'Cleverer' or 'More Clever': Which is Correct Usage?

By Shanea Patterson, updated on November 4, 2022

Are you supposed to say ‘cleverer’ or ‘more clever’? It might be confusing if you’ve never encountered this before. But we’ll cover that and teach you how to use the correct phrase in a sentence.

Don’t feel like reading around for the answer? Here’s the quick answer: they’re both correct.

'Cleverer' or 'More Clever': Which is Correct?

As you just learned, both ‘cleverer’ and ‘more clever’ are acceptable to use. You might be wondering if there’s another way to say it.

‘Cleverer’ ‘More Clever’ or Some Other Variation

So, now you know you can say ‘cleverer’ or ‘more clever’ in any circumstance. Let’s talk about the superlative of ‘clever.’

Superlative of ‘Clever’

A superlative adjective is a word used to describe a noun when comparing it to two or more nouns to the highest or lowest degree.

For example, the superlative of big would be biggest. Here’s an example:

  • Big > Bigger > Biggest

In this example, ‘biggest’ is superlative.

Now, let’s take a look at the superlative for ‘clever.’

  • Clever > Cleverer/More Clever > Cleverest/Most Clever.

As evidenced above, the superlative of ‘clever’ is ‘cleverest’ or ‘most clever.’

Clever Definition and Meaning 

The Merriam-Webster definition of clever is “skillful or adroit in using the hands or body: nimble,” “mentally quick and resourceful,” “marked by wit or ingenuity,” and “dialect.”

The Cambridge definition of the word is “having or showing the ability to learn and understand things quickly and easily.”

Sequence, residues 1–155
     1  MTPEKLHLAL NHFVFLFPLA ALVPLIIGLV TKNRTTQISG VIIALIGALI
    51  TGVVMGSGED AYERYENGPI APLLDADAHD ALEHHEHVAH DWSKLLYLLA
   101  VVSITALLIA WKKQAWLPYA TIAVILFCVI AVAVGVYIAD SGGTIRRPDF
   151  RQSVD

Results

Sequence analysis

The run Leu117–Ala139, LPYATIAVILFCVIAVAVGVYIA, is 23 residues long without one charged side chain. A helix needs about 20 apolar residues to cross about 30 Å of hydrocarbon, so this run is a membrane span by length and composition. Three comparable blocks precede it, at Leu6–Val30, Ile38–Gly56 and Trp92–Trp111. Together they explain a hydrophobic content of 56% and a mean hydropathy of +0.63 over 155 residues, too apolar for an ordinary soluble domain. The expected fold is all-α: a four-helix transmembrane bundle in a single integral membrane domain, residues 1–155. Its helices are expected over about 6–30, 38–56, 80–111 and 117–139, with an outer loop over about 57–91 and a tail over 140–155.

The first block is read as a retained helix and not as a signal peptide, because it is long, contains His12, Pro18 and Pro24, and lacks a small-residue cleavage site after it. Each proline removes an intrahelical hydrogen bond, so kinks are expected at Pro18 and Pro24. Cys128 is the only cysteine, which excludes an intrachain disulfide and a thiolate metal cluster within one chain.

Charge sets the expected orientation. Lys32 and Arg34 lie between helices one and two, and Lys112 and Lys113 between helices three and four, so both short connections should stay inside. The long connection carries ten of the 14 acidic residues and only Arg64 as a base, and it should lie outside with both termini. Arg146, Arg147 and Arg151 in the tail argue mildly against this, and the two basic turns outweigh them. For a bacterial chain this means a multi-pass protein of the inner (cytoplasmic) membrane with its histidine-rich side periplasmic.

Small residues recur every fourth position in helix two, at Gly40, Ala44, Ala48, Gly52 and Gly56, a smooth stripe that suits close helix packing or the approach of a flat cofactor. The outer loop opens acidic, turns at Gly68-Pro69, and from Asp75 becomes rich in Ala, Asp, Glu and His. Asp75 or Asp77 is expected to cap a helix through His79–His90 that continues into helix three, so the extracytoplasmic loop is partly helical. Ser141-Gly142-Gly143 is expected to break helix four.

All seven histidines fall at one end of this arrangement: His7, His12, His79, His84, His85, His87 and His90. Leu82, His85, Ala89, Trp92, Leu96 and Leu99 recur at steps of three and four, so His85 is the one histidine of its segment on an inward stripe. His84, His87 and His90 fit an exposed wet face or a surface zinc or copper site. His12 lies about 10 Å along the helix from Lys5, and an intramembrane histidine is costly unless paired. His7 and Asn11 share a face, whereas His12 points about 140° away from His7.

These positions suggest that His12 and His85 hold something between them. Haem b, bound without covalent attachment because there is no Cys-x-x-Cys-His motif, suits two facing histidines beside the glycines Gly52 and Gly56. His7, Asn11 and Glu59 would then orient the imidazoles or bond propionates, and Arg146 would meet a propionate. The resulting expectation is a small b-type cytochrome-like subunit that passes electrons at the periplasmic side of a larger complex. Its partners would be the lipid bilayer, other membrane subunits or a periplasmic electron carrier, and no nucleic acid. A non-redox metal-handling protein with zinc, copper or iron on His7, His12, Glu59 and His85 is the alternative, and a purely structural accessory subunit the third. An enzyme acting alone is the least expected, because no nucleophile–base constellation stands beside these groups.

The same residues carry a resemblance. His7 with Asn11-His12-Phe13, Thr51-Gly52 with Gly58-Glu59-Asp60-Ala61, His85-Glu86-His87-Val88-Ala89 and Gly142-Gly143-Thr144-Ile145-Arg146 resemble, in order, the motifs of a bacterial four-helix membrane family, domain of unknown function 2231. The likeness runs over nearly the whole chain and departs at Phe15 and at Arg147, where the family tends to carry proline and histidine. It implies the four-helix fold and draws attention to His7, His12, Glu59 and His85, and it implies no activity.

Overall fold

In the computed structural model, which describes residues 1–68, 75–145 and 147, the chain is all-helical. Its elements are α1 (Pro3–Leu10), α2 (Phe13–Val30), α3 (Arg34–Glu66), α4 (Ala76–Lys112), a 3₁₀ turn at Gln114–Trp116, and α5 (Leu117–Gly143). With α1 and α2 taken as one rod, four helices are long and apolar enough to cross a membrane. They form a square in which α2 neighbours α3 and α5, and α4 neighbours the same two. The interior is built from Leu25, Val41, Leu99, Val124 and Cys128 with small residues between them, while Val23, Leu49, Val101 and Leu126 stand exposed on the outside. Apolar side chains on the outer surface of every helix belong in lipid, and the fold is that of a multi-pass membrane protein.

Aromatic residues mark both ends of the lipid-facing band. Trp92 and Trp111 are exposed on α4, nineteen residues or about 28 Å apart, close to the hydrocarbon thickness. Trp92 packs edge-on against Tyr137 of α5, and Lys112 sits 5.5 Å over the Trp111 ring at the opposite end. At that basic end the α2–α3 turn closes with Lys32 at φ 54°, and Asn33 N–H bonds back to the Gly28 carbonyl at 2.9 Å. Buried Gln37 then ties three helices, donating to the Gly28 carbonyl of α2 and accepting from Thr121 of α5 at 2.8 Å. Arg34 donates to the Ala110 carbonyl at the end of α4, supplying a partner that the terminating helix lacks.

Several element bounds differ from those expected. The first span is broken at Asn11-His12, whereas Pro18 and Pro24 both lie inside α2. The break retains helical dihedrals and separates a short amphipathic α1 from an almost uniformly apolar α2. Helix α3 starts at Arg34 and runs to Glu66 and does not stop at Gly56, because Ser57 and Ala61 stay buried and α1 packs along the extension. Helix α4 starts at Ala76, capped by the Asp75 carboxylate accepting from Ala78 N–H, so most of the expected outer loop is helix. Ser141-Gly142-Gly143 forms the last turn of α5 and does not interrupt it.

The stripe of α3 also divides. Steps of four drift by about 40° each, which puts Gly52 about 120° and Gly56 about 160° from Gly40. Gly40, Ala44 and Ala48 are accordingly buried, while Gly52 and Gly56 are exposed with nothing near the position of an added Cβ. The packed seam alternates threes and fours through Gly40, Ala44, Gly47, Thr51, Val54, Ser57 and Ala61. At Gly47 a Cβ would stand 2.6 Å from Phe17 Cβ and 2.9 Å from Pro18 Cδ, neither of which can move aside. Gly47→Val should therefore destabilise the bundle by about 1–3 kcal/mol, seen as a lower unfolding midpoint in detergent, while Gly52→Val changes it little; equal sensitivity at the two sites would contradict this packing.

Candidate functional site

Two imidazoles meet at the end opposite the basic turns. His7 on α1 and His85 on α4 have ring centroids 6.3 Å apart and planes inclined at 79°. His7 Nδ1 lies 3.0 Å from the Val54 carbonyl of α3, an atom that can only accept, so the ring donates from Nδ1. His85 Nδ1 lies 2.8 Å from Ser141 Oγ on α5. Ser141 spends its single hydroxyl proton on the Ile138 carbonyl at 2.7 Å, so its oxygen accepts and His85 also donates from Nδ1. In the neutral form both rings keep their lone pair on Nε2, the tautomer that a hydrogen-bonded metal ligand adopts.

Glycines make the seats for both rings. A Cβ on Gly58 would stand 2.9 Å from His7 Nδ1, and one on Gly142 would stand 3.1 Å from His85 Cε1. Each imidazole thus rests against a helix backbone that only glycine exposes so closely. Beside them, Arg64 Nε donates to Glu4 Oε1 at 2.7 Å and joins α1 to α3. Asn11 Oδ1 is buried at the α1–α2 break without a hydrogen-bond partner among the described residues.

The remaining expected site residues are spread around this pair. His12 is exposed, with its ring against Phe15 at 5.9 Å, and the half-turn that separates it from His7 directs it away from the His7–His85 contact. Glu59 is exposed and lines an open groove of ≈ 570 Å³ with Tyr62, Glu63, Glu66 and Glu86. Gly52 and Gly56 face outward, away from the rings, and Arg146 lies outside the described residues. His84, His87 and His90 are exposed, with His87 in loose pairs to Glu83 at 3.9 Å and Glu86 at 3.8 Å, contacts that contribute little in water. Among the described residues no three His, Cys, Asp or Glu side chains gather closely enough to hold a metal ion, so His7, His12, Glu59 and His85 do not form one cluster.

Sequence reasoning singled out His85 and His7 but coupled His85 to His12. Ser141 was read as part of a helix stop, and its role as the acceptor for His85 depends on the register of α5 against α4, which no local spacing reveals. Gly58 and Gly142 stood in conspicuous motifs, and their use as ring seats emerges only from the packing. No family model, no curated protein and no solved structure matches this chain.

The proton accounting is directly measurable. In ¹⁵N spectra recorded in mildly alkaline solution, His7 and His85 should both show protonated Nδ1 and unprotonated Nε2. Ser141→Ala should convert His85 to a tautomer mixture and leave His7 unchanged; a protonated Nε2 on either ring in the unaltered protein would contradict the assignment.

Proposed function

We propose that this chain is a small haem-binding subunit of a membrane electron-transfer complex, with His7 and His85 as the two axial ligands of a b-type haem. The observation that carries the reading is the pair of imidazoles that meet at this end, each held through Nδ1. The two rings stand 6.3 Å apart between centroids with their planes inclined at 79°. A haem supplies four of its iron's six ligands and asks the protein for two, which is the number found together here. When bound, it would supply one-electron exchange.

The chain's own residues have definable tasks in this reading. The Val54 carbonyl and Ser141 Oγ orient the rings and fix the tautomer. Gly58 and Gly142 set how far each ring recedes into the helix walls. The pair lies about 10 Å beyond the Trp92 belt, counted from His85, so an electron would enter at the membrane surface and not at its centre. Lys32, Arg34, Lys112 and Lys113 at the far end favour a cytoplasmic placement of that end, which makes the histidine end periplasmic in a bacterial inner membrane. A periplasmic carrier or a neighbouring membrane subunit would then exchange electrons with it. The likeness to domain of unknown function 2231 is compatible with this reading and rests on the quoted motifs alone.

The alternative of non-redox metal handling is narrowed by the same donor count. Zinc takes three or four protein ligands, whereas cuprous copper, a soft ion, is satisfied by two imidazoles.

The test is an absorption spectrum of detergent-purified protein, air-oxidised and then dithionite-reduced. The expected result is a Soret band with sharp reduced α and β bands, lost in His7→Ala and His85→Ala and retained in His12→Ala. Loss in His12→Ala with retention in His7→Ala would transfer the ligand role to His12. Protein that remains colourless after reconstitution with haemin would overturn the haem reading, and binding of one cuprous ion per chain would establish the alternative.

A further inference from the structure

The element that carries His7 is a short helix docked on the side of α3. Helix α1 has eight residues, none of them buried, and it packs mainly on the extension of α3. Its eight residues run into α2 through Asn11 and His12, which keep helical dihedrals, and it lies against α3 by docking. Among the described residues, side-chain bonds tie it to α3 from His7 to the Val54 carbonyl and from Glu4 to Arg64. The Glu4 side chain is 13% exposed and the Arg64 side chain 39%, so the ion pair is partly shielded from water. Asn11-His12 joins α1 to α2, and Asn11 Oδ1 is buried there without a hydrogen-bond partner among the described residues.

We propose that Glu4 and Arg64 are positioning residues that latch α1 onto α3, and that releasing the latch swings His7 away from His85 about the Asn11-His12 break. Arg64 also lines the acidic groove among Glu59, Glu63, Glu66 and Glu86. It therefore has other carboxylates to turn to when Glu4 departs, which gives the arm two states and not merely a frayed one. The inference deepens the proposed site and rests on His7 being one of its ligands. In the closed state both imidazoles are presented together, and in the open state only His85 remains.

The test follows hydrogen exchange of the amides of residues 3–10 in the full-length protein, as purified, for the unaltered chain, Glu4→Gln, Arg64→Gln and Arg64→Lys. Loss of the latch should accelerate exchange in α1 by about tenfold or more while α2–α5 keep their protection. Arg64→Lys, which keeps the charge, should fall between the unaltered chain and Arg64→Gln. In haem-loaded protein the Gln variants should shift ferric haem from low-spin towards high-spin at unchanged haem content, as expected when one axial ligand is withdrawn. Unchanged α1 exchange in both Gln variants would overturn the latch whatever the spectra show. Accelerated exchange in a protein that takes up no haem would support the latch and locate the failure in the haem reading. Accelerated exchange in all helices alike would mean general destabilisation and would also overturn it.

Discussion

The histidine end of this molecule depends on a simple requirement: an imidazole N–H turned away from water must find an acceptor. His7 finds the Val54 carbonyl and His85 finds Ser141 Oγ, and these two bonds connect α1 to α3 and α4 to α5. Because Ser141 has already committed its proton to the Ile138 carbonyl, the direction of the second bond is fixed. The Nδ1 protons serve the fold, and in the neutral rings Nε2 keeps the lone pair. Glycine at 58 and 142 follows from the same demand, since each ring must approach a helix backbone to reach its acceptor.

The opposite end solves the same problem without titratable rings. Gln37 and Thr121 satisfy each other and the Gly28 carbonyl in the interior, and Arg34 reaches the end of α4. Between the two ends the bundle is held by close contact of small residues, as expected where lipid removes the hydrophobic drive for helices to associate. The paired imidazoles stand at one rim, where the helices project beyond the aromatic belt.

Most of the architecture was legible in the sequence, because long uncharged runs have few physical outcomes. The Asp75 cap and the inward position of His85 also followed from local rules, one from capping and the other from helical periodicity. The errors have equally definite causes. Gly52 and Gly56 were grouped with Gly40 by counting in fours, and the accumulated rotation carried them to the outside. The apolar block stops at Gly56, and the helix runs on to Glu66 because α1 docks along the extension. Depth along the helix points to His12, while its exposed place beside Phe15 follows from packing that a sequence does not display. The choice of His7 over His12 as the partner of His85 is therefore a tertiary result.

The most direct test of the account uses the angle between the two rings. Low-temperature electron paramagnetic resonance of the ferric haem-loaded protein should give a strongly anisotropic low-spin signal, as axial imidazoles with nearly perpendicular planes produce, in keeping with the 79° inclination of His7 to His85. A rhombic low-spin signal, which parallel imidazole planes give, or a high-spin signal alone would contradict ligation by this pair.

Some synonyms include:

  • Intelligent
  • Clever
  • Cunning
  • Sharp
  • Smart
  • Bright
  • Artful
  • Creative
  • Imaginative
  • Ingenious
  • Innovative
  • Inventive

Some antonyms include:

  • Uncreative
  • Unimaginative

How to Use Them in a Sentence Correctly 

Now that we’ve defined the word ‘clever’ and you know a few synonyms, let’s see how to use it correctly in a sentence.

Take a look at a few examples of how to use ‘cleverer’ in a sentence:

  • She was just a bit cleverer and ended up outsmarting me!
  • I never thought my little brother would be cleverer than me in this game.
  • I wasn’t the funniest, but I was definitely cleverer than Brad.

Now, let’s see a few examples of how to use ‘more clever’ in a sentence:

  • Maya is more clever than me; she figured out all the clues first.
  • I don’t know who’s more clever when it comes to avoiding getting in trouble – my toddler or my puppy.
  • We have to be more clever if we’re going to make it out of here alive!

As you can see, it doesn’t really matter which version of the term you use because they mean the exact same thing.

Final Thoughts on ‘Cleverer’ and ‘More Clever’

Now that you know that it’s okay to use ‘cleverer’ and ‘more clever,’ you don’t have to agonize over which one sounds correct.

Like terms such as relate to/relate with, associated to/associated with, and in the summer/in summer, there’s no right or wrong answer. It all depends on how you use the word or phrase.

Whether you’re struggling with the spelling of tires/tyres or you’re not sure how to use ‘in which/of which/at which,’ our library of articles on confusing words can help set you straight. Bookmark the page and come back whenever you get stuck on something if you need to.

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Written By:
Shanea Patterson
Shanea Patterson is a writer based in New York and loves writing for brands big and small. She has a master's degree in professional writing from New York University and a bachelor's degree in English from Mercy College.

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